The poem below by Walt Whitman expresses emotions akin to my own after I had recently spent a full day, and most of an evening, attending lectures by Richard Dawkins and other scientists at an atheist conference in Burbank, Ca.:
When I heard the learn’d astronomer,
When the proofs, the figures, were ranged in columns before
When I was shown the charts and diagrams, to add, divide,
and measure them,
When I sitting heard the astronomer where he lectured with
much applause in the lecture-room,
How soon unaccountable I became tired and sick,
Till rising and gliding out I wander’d off by myself,
In the mystical moist night-air, and from time to time,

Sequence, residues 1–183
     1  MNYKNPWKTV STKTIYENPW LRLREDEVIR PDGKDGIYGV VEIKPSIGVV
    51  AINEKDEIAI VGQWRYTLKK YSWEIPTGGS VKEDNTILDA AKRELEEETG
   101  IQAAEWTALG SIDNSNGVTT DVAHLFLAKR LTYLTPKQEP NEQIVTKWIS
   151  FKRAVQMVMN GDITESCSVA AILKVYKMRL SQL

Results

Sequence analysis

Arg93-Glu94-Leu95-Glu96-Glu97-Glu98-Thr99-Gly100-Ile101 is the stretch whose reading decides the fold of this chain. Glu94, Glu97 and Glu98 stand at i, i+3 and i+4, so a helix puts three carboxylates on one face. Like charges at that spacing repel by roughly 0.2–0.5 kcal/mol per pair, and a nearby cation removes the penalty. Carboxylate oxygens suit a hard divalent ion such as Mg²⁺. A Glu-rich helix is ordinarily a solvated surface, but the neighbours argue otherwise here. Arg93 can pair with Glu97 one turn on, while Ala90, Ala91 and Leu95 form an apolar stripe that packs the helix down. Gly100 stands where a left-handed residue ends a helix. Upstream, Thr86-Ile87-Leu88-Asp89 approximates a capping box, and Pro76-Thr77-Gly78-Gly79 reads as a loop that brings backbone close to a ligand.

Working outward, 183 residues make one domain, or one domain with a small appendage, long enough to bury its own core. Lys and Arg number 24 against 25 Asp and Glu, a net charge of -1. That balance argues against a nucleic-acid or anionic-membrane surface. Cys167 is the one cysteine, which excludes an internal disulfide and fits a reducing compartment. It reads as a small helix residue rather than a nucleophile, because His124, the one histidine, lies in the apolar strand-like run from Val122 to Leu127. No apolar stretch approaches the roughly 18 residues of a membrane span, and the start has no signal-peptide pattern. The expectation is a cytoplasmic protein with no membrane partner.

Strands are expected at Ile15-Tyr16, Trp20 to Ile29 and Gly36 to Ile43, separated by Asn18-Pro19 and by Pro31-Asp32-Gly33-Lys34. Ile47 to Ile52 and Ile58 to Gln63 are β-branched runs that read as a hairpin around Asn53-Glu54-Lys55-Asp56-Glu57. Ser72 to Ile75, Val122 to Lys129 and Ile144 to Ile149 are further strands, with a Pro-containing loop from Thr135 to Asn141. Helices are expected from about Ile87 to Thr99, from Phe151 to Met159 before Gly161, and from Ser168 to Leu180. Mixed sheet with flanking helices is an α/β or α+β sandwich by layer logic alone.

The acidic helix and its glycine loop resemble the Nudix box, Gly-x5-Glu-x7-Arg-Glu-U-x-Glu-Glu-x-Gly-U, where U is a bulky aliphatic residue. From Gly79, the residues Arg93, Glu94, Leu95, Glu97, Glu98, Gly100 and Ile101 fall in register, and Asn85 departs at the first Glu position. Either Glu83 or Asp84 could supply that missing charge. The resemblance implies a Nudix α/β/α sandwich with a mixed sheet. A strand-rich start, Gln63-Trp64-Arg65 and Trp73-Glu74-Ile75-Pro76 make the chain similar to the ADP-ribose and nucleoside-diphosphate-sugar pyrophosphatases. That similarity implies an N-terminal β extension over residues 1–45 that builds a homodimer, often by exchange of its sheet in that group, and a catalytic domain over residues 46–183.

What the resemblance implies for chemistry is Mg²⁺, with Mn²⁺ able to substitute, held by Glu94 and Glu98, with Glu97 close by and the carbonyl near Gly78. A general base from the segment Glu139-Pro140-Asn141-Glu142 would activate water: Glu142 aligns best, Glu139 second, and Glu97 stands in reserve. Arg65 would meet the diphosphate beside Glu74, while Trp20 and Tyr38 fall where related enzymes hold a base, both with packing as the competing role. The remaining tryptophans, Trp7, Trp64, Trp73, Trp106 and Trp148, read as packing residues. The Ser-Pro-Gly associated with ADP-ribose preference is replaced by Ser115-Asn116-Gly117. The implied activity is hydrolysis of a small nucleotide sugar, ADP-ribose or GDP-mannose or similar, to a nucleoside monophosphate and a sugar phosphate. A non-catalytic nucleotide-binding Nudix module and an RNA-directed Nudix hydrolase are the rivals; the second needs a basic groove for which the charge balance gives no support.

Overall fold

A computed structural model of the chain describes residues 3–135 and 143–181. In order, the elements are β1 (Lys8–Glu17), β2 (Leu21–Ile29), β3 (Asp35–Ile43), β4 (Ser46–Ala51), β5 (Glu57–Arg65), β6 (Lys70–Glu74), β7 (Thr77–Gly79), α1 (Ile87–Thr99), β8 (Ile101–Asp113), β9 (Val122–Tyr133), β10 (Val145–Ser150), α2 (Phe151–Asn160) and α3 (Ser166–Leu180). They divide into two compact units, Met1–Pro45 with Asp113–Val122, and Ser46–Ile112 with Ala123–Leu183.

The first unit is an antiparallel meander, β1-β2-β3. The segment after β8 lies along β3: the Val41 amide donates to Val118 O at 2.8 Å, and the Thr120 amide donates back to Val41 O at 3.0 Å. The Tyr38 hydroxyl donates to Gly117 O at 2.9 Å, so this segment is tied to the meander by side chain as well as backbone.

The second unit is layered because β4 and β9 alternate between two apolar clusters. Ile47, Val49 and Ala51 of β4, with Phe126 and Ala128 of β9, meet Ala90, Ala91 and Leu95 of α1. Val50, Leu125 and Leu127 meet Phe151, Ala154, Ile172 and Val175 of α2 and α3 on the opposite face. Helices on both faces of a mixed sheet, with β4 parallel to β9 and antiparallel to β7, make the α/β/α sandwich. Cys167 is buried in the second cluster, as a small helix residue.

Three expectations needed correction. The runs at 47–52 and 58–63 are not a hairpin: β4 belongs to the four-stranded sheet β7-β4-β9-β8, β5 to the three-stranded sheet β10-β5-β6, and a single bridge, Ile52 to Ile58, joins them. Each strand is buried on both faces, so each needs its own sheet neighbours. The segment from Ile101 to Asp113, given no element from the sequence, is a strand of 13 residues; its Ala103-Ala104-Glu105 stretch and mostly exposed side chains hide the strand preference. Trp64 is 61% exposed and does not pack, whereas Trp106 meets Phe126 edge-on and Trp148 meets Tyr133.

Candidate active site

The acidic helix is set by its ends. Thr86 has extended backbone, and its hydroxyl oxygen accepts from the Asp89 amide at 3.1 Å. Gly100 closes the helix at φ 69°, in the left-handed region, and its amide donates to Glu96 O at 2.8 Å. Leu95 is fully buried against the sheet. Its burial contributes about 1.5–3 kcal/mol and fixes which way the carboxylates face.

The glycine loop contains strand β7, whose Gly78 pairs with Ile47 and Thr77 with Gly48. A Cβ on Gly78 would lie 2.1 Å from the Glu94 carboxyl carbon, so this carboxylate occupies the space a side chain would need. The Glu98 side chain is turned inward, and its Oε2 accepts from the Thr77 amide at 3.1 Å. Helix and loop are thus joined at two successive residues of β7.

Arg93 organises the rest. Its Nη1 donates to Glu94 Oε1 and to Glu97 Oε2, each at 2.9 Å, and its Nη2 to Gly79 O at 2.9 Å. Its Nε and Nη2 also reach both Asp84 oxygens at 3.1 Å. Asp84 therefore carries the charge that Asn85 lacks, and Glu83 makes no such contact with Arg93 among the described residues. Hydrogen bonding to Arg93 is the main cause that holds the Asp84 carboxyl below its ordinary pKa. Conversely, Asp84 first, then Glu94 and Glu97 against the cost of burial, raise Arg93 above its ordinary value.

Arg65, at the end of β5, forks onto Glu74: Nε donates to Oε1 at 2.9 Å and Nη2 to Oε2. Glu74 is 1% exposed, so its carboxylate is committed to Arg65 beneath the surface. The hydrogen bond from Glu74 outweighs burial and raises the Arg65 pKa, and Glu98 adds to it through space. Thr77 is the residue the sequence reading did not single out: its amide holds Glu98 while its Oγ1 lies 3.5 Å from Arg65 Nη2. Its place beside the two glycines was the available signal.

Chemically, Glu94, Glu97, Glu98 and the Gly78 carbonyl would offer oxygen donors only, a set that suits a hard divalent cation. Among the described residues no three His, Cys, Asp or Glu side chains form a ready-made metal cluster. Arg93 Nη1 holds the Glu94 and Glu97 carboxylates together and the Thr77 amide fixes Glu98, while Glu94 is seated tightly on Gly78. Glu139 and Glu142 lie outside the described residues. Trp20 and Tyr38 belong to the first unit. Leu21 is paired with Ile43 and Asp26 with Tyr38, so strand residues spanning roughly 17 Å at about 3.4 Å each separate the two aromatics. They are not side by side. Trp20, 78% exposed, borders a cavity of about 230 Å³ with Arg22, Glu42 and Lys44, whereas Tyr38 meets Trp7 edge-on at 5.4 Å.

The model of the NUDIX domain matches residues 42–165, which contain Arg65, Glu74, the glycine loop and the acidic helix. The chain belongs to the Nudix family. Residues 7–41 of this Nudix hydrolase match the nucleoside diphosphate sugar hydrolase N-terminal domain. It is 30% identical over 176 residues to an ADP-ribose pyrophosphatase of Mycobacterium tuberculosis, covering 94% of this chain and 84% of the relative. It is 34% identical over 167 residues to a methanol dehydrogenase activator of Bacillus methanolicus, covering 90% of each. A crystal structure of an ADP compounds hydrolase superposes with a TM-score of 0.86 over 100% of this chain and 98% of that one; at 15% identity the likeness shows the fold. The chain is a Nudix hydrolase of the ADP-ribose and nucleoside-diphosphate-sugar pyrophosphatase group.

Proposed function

Look’d up in perfect silence at the stars.
Is this reaction to science on the part of Whitman, and my sympathy for it, a sign that an irrational spirit grips us? Or is this a proper and sane reaction to an excess of reductionism? Was William Wordsworth right—or merely hysterical—when he said, “We murder to dissect?”
Are the poets at war with the scientists?